My digital painting class is going really well! It’s been a real challenge to keep up with it, since I have way less artistic experience than most of the students. But I’ve been plugging away at the exercises, and my first major project turned out fantastic! Here it is:
A brief bit of salamander biology: The sonic salamander is a giant salamander (about the size of a medium to large dog) that lives primarily in muddy pools, though it can venture out on land as well. Because it lives in muddy water most of the time, it doesn’t have eyes; instead, it “sees” by sonar. It has four tentacles around its mouth that (like a catfish’s barbs) help it sense prey swimming in the water. The tentacles also help it grasp slippery prey animals such as worms and small fish.
Because the muddy waters are frequently anoxic, the sonic salamander has a frill around its neck that helps absorb oxygen from the water. Normally the frill lies flat around the neck, but when the salamander feels threatened, it erects the frill with a rush of blood, turning the frill brilliant red and also splaying out the yellow-green, venomous spines that protect the salamander from predators.
This is where I was on June 6, the last time I blogged about this project:
I had no idea how to get from here to a finished painting, however. I spent four long days in a state of continuous panic. I couldn’t possibly do this! because I had absolutely no idea what I was doing. But there is a wonderfully focusing thing about a deadline: it gets you up off your ass. You have to doÂ something, whether or not you have any clue. So I jumped off the cliff, and here’s where I was on Friday night, four days before the painting was due:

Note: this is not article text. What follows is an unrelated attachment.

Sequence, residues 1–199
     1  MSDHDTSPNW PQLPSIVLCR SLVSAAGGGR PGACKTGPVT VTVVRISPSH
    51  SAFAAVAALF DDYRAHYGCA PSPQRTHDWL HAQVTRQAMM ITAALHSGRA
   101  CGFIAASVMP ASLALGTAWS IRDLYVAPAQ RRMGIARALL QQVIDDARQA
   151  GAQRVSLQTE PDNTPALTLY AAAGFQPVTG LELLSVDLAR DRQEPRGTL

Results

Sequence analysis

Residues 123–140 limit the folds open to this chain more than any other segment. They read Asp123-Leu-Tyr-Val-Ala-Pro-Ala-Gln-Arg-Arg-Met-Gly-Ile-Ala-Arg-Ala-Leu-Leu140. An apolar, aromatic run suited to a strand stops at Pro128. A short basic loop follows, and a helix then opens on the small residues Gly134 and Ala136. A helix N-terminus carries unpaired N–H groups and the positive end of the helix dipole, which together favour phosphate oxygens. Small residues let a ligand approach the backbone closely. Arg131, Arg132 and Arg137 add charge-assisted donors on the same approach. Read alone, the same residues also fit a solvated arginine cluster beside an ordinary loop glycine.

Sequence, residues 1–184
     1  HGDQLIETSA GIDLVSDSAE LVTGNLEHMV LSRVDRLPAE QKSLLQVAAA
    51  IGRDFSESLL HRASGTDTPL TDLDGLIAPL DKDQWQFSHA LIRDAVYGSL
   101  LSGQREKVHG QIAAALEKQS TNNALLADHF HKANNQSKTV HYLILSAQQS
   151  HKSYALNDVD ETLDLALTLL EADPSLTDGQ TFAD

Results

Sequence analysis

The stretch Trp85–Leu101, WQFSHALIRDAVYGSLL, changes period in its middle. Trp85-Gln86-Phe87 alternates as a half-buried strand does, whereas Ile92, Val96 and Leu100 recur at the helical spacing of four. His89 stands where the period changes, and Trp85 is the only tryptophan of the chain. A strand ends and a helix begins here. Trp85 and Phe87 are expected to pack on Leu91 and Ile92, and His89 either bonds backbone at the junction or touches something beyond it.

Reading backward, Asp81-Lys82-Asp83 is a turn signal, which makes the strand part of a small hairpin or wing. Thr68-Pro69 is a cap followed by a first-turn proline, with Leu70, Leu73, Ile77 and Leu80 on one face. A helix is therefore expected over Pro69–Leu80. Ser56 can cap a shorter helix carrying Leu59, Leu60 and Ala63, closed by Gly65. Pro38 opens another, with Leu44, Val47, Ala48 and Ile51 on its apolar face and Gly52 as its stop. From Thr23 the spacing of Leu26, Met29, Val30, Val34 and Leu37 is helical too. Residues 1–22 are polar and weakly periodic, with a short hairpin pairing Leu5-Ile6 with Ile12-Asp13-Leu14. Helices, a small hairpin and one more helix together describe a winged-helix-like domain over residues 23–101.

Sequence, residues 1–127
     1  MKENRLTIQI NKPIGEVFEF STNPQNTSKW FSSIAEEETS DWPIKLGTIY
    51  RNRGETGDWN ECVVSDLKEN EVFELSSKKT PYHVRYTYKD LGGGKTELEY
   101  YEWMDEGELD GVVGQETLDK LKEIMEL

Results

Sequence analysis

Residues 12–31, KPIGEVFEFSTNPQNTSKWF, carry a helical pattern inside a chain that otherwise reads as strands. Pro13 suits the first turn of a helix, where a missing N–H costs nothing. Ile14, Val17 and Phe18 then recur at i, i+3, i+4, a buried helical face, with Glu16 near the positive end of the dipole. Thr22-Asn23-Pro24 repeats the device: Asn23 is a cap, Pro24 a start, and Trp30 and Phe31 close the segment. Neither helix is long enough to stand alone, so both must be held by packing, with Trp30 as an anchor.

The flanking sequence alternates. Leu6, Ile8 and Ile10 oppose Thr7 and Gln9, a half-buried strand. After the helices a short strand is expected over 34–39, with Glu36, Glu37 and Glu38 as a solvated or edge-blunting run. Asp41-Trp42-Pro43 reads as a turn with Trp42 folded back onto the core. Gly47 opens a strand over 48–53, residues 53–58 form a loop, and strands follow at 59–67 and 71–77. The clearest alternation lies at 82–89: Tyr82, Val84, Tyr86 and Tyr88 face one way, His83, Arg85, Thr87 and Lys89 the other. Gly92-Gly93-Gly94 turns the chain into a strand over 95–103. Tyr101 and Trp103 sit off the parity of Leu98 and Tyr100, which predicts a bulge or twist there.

As you can see, it’s basically the rough sketch, but with the outlines eliminated and with a bit of shading. A little bit of progress, but not much.
On Saturday morning I was starting to despair completely, especially after realizing that I would have to throw away the entire background. But I worked at it for several hours, and finally managed to colorize the salamander and lay out the basic structure of the piece.
After that I got stuck. I had no idea what to do with the salamander. But I had to do something – the project was due in three days! So I decided to work on something easier. We’d learned some techniques for making rocks seem three-dimensional, so I applied those techniques on the log. To my utter surprise, it worked! Behold the magic log:
This gave me some hope that I might be able to salvage the project. So I sat down and thought about the salamander. Eventually I came up with some custom Photoshop brushes for the skin and the spines, and added some shading to make it three-dimensional. Hot dawg! It was working.
Next up was adding dirt, grass, and muddy water. The tricky part turned out to be the mud. I had to put in ripples in the water, and reflections of the sky. Many agonizingly unsuccessful experiments as the clock ticked on. More custom Photoshop brushes, more Undo commands, more Smudge and Blur tools to smear things around. Much banging of head against the wall. But I finally arrived at some mud I liked:
Today was the critique session for the finished project. I was pleasantly surprised to discover that my salamanders were actually about the middle of the pack in sophistication of design and execution. I had been feeling somewhat intimidated by my lack of experience, but it seems I can keep up! I got some suggestions from the professor and some of my fellow students, and applied them in the final piece, as shown at the start of this post:
I’m feeling really encouraged about this, and am looking forward to the rest of the class.
And outside of class? Well, I’ve spun some more yarn:
So I’m pretty pleased with my productivity.
How pleased? As happy as Fritz in the throes of a belly rub. (Ain’t no happier than that.)